February 28, 2014

Top Ways To Reduce Food Waste

Top ways to reduce food wasteAccording to the National Resources Defense Council (NRDC), 40 percent of the food produced in the U.S. ends up as waste. That amount is equivalent to 20 pounds per person each month. In fact, food production accounts for 50 percent of land use and 10 percent of the U.S. energy budget, and yet so much is going uneaten. Whether you’re a home cook or culinary arts professional, you know that this number is way to high. Fortunately, you can combat food waste every day by doing a few things.

Grow your own herbs
Grocery stores sell herbs in large packets or bundles, and unless you’re serving a huge crowd, you can get through them all before they go bad. Instead of watching the basil leaves blacken in your fridge, grow your own herbs. These plants can thrive in a small space, such as a kitchen counter. You can pluck just the amount you need for a dish, cutting back on the amount of herbs you waste.

First in, first out
Restaurants live by the mantra, “first in, first out,” which requires that the oldest products get used first. This prevents food from reaching its expiration date, at which point it cannot be served. Apply this to your own life in several ways in order to reduce food waste. Look for the oldest products when you shop at the grocery store. For example, pick up a carton of milk that must be sold by the end of the week rather then the one good until next week. Once your groceries are home, take care to consume the older products – or those with a fast-approaching expiration – as soon as possible.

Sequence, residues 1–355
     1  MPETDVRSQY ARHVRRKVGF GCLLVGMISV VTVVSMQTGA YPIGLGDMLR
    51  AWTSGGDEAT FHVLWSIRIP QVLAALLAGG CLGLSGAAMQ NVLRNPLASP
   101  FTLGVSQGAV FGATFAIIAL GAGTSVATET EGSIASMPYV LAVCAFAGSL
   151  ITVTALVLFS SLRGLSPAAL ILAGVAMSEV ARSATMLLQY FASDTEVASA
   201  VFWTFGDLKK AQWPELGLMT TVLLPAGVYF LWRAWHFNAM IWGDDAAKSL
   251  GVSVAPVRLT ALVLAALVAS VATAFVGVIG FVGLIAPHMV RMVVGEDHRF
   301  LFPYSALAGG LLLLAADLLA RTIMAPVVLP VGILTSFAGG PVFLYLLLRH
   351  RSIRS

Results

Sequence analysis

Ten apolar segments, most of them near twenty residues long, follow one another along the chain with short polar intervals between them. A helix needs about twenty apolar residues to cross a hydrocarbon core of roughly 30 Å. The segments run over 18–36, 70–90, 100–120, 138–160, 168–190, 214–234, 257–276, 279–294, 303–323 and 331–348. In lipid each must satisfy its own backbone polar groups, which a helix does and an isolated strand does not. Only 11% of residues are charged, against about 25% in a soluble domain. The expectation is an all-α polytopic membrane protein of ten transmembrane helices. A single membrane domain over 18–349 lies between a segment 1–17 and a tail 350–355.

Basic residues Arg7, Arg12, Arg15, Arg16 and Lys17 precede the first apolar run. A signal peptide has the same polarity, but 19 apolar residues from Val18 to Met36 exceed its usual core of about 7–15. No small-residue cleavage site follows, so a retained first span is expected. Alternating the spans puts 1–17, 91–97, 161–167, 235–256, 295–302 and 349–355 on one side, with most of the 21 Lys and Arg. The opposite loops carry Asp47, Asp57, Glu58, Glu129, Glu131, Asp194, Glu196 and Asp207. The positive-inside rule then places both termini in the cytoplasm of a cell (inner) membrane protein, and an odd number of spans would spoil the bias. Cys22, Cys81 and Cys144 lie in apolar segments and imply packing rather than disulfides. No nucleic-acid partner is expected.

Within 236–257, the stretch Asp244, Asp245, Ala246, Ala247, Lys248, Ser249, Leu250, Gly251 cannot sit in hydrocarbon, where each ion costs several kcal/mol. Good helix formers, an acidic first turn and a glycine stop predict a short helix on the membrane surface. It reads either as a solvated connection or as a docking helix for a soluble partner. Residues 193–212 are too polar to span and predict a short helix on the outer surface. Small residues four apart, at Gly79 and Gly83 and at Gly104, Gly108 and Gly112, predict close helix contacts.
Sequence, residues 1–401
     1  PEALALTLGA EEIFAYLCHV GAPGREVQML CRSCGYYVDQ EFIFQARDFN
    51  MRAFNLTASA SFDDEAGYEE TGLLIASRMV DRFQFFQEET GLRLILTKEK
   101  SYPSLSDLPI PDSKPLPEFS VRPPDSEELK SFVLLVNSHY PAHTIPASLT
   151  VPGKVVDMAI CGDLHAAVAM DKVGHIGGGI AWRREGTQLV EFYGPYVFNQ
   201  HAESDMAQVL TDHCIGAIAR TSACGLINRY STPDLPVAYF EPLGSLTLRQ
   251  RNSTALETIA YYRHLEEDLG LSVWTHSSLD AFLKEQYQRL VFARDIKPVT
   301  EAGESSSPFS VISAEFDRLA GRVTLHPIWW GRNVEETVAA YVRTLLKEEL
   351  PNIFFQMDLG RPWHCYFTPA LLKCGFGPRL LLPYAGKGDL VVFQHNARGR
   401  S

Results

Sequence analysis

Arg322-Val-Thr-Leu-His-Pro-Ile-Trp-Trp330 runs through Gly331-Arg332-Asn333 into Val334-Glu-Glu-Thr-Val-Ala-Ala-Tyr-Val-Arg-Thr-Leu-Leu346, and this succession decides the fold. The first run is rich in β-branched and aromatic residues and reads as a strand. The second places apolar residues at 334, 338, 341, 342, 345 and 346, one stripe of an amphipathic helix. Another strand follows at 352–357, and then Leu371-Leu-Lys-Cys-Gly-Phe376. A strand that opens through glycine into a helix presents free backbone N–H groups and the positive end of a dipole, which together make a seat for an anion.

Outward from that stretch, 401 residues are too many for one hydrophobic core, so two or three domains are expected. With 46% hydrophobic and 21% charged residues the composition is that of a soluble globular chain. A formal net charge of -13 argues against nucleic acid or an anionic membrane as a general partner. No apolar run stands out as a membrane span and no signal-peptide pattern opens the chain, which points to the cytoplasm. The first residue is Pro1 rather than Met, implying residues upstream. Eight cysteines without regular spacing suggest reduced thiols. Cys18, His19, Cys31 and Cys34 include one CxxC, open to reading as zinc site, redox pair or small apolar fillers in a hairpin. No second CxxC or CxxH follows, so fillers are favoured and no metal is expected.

Furthermore, always eat food that has been in your refrigerator the longest, including left overs.

Buy for meals
Plan your meals before you go grocery shopping so that you only buy the things you know you will use. Many people just wander into the grocery store and grab the foods that seem appealing. However, this may cause you to waste. When you don’t have a plan, certain foods that seemed good at the time aren’t always compatible with the dishes you end up cooking. Planning a meal forces you to use everything you buy.

If you do have a few random products left in your fridge, try finding creative ways to incorporate them into meals. Produce is especially flexible.

Freeze bulk foods
You probably purchase a few items in large quantities to save money, and that’s OK. It can be difficult to eat your way through an entire pound of meat or bag of apples, especially if you live on your own. Fortunately, freezing will prevent those items from going bad. You can freeze meat, produce and bread to thaw later. For example, the overripe bundle of strawberries you bought last week can be frozen and used as a smoothie today. The pie in your freezer is a great treat for a dinner party or potluck.

Store meat in separate baggies so that you can pull out only what you need. Chicken breasts or lamp chops, for instance, come as a package. However, if you’re on your own, you may not eat it in one meal. Put a meal’s worth of meat in a freezer bag when you get home from the grocery store.